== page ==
“I tend not to follow trend for trend’s sake,” says Colin Rees (pictured), IT director at Domino’s Pizza.
This sums up the web veteran’s IT strategy – keep up with new technology trends, but when it comes to actual implementation, understand what works best for the organisation and make a slow transition.
“It is important to learn early and build the knowledge early,” he tells Computer Weekly.
“That way it is easier for everyone in the organisation to adapt to the new technology. And that’s why at Domino’s we don’t have a people issue or cultural issue towards IT,” adds Rees.
His cautious and calculated approach to IT is telling in the company’s use of cloud computing services.
Taking a low-risk path to cloud adoption
In 2011, when cloud was still a nascent term, Rees said the company was investigating it as an option, but at the time he found it hard to see how Domino's could deliver the service levels required of it through the public cloud.
But as the technology matured and its benefits became more apparent, Rees opened himself up to it. “Cloud computing is an important technology, and we have started our cloud journey, but we want to build our experience and understanding of it in a low-risk way,” he says.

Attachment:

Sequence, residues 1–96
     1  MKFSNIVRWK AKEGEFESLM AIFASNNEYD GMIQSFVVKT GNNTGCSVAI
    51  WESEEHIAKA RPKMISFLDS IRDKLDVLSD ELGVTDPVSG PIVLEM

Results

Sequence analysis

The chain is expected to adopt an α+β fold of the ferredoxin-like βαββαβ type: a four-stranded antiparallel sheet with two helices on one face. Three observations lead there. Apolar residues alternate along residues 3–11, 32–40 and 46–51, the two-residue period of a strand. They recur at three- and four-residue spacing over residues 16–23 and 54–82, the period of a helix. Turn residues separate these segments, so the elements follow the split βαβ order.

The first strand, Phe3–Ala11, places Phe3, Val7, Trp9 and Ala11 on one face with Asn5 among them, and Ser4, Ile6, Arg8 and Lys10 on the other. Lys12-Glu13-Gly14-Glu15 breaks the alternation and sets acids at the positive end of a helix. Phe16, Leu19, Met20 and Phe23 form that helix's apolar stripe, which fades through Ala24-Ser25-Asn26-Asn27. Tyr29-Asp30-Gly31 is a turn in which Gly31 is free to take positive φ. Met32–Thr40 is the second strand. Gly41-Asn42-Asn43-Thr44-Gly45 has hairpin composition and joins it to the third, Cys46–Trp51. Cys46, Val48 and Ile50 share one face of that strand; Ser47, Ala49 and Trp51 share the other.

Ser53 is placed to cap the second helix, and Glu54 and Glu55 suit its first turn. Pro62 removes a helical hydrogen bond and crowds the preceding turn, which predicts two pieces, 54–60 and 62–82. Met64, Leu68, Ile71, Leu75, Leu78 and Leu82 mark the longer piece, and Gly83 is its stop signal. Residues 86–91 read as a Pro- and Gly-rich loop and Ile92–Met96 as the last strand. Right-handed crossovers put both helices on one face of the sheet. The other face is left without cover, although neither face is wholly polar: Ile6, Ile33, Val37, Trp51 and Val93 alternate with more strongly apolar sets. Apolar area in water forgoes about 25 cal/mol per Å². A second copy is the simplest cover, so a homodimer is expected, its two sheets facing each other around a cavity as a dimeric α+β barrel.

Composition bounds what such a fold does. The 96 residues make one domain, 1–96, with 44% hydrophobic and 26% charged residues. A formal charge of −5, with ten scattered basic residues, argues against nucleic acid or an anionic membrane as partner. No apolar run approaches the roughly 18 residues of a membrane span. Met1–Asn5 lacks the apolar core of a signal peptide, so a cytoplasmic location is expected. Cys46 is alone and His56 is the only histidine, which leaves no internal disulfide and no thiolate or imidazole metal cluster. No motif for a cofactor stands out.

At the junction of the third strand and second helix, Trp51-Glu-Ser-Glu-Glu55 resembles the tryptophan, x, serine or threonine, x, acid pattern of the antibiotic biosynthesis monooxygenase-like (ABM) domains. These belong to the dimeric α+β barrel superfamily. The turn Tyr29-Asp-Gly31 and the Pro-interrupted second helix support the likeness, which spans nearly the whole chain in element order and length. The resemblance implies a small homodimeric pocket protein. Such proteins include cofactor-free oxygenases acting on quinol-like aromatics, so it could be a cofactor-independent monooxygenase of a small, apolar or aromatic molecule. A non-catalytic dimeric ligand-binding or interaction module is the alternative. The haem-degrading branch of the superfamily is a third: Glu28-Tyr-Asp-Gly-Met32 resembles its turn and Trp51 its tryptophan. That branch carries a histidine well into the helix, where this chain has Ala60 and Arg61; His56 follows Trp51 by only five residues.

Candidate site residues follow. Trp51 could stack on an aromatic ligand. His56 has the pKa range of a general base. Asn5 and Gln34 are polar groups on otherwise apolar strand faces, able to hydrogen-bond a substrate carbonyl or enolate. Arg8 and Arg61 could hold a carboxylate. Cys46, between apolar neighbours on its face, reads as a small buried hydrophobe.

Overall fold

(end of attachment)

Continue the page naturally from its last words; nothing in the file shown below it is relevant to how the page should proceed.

The low-risk strategy included using infrastructure as a service (IaaS) and platform as a service (PaaS) cloud platforms for testing and development applications first. These applications are not front-facing, and hence should they break down during the cloud trial, the pizza chain’s day-to-day digital ordering service would not be affected.
“Besides, our development team has to spin out very heavy workloads for testing environments, so it would be a good test of cloud," says Rees.
Rees's cloud strategy is clear – move 10% of the workload to the cloud, get comfortable, build up experience and then move some more
Shifting business-critical applications to the cloud
Having used cloud services this way for a good part of a year, Rees and the IT team are now looking to put critical workloads, such as web services, on the cloud infrastructure.
This is to take the advantage of cloud computing’s scalability and agility during peak business times.
The bulk of the pizza chain’s business takes place during weekend dinnertimes and Tuesdays when its popular “Two for Tuesday” promotional offer takes place. “We do a major part of our business for a couple of hours in a day,” says Rees.